The functionalized polymers produced by the process of the invention and derivatives and post-treated derivatives thereof find use as additives (e.g., dispersant additives) in fuels and in lubricating oils. The disclosure in U.S. Pat. No. '434 concerning fuel and lubricating oil compositions and concentrates based upon Koch-functionalized polymers and (post-treated) derivatives thereof may be applied to the functionalized product described herein and its (post-treated) derivatives.

EXAMPLES

The examples provided below serve only to illustrate the invention, and are not intended to limit the invention's scope. The number average molecular weights and ethylene contents reported for the ethylene-butene-1 ("EB") polymers in the following examples were determined via 13 C-NMR.

Example 1

A continuous process was carried out in a pipe reactor consisting of four closely spaced SMX-type static mixers in a dispersing section, which ranged in size from a 5.08 cm (2 inch) diameter-16 element mixer to a 1.27 cm (0.5 inch) diameter-6 element mixer. The dispersing section was followed by a blending section with a type SMXL mixer of 3.8 cm (1.5 inches) in diameter and 1.52 m (5 feet) in length, and a soaking section consisting of two SMX mixers, each 10.2 cm (4 inches) in diameter and 2.74 m (9 feet) in length. Additional small mixers, each 2.54 cm (1 inch) in diameter with 12 elements, were located at the feed to each SMX mixer in the soaking section.

Ethylene-butene-1 polymer (Mn of about 2000, 25 wt. % ethylene content) was fed to the reactor at a flow rate of about 40 kg/hour. 2-chloro-4-methylphenol ("CMP") was separately fed to the reactor in an amount equivalent to 7.5 wt. %, based on the total weight of polymer and CMP. The feed temperature was about 40 C. Mixed BF3 and CO were fed through a recycle compressor at a BF3 to CO mole ratio of 0.19. The BF3 to CMP mole ratio was 0.34. The viscosity of the liquid phase was initially about 9.0 Pas (9000 cP) and thereafter decreased to a level of about 1 Pas (1000 cP). The shear rates in the four static mixers in the dispersing section were respectively about 11 s-1, about 32 s-1, about 120 s-1, and about 800 s-1. Shear rate in the blending section was between about 1 to about 2 s-1, and in the soaking section between about 0.25 to about 0.5 s-1. The reactor residence time was 49 minutes and the maximum temperature during the reaction was 51 C. The residence time in the dispersing section was 2.5 minutes, and the time intervals between mixers in the dispersing section were between 1 and 10 seconds. Initial system pressure was about 12,420 kPa (1800 psig). BF3 and unconsumed CO were removed from the polymer product by flashing and recycled to the reactor inlet. Unconsumed CMP was separated by evaporation and also recycled. Steady state operation provided a product having 86 wt. % active ingredient (i.e., weight percent of functionalized polymer relative to the weight of both functionalized and unfunctionalized EB polymer in the product), as determined by chromatography. The active portion of the product was essentially 100% neo 2-chloro-4-methylphenyl ester functionalized EB polymer, as determined by 13 C-NMR.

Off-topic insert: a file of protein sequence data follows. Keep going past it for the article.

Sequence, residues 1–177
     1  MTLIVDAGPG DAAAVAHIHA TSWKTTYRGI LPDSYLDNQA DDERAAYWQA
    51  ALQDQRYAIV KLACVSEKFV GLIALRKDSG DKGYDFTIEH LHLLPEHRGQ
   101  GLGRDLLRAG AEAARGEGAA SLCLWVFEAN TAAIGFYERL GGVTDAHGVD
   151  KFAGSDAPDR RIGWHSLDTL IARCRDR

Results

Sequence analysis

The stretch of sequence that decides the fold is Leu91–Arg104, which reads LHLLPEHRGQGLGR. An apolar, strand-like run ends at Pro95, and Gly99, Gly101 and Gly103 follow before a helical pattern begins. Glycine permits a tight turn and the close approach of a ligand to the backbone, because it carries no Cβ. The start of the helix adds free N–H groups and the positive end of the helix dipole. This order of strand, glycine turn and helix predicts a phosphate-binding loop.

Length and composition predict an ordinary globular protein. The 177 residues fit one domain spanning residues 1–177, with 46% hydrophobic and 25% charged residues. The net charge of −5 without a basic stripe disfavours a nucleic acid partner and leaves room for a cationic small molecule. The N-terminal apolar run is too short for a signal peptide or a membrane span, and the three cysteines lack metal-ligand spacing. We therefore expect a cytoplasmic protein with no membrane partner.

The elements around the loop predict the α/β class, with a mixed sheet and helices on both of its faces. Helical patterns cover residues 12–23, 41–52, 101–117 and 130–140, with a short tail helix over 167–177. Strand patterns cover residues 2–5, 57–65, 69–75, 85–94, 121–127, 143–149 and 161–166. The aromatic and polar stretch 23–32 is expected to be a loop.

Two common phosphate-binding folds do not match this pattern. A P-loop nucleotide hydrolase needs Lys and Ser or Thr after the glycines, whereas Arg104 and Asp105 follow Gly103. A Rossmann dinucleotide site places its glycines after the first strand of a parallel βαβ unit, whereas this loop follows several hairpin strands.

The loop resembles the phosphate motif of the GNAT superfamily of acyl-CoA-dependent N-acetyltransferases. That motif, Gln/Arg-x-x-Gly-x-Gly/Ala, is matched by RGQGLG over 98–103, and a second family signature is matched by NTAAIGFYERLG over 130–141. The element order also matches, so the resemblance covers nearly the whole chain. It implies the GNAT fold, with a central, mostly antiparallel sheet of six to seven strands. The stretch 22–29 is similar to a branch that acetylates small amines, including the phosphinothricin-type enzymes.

Examples 2-4

A series of 2-chloro-4-methylphenyl ester functionalized EB polymer products (all 100% neo esters) were prepared via a continuous carbonylation process using a reactor as described in Example 1. The reaction parameters employed were as follows:

______________________________________Process:       Example 21                    Example 32                              Example 42______________________________________Mn of EB polymer          2000      3500      3800Wt. % ethylene of EB                                              45polymerFlow rate of EB polymer                                              40(kg/hr)Wt. % CMP                                           5Feed temperature ( C.)                   14.7                                              35Maximum Rx temperature                                              44( C.)BF3 /CO mole ratio                                            0.9BF3 /CMP mole ratio                                             1.0Reactor residence time (min)                   49                                              49Dispersing section residence                   2.5                                             2.5time3  (min)Initial system pressure                         12,420                                   11,730(kPa, psig)              (1800)                         (1800)                                   (1700)Active ingredient (wt. %)                                              86______________________________________ 1 Values for liquid viscosity and shear rates were approximately the same as in Example 1. 2 The viscosity of the liquid was initially about 60 Pas (60,000 cP) and thereafter decreased to a level of about 15 Pas (15,000 cP). The shear rates were approximately the same as in Example 1. 3 The time intervals between static mixers in the dispersing section were between 1 and 10 seconds.
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Referenced by
Citing PatentFiling datePublication dateApplicantTitle
EP2147931A1Jul 24, 2008Jan 27, 2010LANXESS Inc.Process for the continuous hydrogenation of carbon-carbon double bonds in an unsaturated polymer
EP2151455A1Jul 22, 2009Feb 10, 2010LANXESS Inc.Process for the continuous hydrogenation of carbon-carbon double bonds in an unsaturated polymer
Classifications
U.S. Classification528/480, 525/333.3, 525/383, 528/499, 528/497, 528/495, 528/487, 525/331.7, 525/333.9, 528/483, 525/333.7, 528/392, 525/333.8
International ClassificationB01J10/00, B01J19/24, C08F8/00
Cooperative ClassificationB01J2219/00159, B01J2219/00162, B01J2219/00166, B01J2219/00094, B01J19/242, B01J2219/00103
European ClassificationC08F8/00, B01J19/24D2